Flying animals are superbly adapted to acquire and process information about themselves and the environment to control their movement in an exceedingly complex and dynamic world. They do so over a vast range of temporal and spatial scales. Importantly, the micro-circuits in insect neural systems operate under stringent constraints of size, weight, and power. In stark contrast with many modern engineered systems, these remarkable motor behaviors for flight are achieved not by brute-force computation and learning, but rather with specialized hardware and relatively sparse neuronal computations. Therefore, sparsity is a central concept in understanding neural control of agile flight, where it serves as a mathematical framework to promote hyper-efficient solutions and to achieve robust sensing and control.

Video by Andrew Mountcastle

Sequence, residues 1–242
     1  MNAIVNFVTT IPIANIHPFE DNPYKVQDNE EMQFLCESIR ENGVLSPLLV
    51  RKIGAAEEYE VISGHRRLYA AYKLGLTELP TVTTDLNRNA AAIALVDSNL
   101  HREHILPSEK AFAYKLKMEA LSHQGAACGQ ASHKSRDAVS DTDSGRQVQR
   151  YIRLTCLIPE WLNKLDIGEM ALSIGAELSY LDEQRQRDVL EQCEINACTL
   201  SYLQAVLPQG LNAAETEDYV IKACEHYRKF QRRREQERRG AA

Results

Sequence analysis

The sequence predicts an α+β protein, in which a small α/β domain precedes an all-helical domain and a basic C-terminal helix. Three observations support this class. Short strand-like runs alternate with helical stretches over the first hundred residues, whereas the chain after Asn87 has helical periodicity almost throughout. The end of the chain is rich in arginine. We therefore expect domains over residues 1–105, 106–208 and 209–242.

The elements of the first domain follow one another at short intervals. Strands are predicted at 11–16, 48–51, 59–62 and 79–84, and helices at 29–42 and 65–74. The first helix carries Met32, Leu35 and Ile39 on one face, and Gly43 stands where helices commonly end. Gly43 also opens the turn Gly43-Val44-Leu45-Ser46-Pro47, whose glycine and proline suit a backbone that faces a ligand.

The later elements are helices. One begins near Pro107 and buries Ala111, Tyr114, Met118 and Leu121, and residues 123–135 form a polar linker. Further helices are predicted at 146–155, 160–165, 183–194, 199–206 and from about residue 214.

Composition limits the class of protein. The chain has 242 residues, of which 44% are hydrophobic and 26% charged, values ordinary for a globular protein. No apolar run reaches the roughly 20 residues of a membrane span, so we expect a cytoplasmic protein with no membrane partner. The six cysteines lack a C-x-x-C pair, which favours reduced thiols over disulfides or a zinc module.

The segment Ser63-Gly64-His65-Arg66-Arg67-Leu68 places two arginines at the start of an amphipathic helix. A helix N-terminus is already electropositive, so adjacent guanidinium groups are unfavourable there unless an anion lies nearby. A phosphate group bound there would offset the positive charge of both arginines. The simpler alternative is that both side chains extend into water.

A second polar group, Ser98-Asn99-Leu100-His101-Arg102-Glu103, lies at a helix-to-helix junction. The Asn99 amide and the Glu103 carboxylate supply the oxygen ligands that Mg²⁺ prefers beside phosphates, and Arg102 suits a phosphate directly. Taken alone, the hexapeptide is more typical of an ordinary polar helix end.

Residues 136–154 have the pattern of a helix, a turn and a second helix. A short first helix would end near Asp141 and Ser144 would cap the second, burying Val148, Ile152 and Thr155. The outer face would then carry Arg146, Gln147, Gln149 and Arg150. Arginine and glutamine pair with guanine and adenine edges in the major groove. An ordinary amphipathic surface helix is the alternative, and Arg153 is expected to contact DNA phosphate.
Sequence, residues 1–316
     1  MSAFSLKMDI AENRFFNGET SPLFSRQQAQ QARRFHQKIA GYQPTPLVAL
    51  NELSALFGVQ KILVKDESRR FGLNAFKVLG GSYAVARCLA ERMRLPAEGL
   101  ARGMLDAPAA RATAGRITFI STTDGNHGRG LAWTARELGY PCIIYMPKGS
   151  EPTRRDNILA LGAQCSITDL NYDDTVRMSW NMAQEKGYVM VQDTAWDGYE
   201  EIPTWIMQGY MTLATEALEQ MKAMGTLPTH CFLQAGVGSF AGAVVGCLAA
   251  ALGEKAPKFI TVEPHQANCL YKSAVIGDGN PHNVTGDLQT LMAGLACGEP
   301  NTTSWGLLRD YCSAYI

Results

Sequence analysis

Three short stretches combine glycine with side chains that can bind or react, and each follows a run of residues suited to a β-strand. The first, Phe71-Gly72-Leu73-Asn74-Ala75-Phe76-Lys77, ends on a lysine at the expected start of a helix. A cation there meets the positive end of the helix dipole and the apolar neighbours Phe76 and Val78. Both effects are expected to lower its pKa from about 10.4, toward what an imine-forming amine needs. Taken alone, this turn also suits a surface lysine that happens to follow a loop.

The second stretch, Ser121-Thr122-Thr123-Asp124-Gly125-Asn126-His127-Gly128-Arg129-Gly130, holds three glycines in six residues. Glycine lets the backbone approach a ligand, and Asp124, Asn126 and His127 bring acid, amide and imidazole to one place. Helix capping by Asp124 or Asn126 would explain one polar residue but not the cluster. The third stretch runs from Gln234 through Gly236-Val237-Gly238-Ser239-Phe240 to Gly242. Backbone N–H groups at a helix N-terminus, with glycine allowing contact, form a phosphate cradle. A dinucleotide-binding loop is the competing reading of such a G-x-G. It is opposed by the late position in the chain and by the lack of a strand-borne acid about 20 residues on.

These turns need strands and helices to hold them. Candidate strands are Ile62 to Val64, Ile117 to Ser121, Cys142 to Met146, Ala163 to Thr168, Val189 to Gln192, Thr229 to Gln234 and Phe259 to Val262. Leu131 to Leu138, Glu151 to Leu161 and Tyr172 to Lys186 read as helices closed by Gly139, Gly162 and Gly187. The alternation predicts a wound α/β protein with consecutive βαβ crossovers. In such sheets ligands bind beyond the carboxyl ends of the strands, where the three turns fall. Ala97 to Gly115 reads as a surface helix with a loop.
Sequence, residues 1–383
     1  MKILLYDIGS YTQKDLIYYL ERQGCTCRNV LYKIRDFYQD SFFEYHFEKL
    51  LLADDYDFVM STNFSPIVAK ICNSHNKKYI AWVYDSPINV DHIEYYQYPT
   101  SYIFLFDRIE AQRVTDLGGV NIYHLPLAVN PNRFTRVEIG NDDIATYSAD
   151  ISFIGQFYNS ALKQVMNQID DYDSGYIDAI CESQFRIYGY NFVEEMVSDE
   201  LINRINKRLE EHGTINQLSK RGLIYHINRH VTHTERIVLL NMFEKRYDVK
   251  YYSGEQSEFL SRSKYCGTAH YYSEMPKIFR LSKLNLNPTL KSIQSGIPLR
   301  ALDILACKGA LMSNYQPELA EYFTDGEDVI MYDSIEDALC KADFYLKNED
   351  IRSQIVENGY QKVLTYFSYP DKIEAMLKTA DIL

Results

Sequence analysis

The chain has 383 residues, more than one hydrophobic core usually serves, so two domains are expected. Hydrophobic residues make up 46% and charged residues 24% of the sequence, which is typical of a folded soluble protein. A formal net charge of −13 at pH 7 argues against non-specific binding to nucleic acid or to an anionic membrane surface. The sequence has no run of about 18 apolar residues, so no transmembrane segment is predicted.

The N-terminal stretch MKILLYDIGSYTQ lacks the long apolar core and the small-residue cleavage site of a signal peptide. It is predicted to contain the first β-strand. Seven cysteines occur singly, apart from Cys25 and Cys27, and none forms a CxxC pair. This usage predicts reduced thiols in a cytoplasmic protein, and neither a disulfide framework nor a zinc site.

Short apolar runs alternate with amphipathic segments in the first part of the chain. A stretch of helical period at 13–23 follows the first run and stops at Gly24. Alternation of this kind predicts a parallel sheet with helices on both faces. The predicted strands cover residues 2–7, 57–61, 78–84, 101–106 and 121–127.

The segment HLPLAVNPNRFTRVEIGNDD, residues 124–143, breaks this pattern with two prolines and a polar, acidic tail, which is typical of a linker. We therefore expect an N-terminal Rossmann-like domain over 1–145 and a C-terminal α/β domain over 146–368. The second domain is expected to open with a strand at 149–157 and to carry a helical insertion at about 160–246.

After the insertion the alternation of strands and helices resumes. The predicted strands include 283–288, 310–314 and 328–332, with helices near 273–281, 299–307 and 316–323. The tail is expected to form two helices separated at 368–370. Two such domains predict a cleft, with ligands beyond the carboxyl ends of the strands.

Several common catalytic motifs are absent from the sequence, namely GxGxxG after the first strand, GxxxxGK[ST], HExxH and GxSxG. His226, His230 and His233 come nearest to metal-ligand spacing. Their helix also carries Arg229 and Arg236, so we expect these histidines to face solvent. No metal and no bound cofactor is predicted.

In this MURI, we seek understanding of and inspiration from living systems, which provide proof by existence that sparse sensing, processing, and computation can achieve remarkably agile and rapid flight control in complex, nonlinear, and uncertainty environments. Our multi-institute team of researchers combines expertise in sensory biology, systems neuroscience, machine learning, sparse optimization, control theory, sensor design, and robotics.

The Multidisciplinary University Research Initiative (MURI) on Neural-inspired Sparse Sensing and Control for Agile Flight is supported by the Air Force Office of Scientific Research (AFOSR).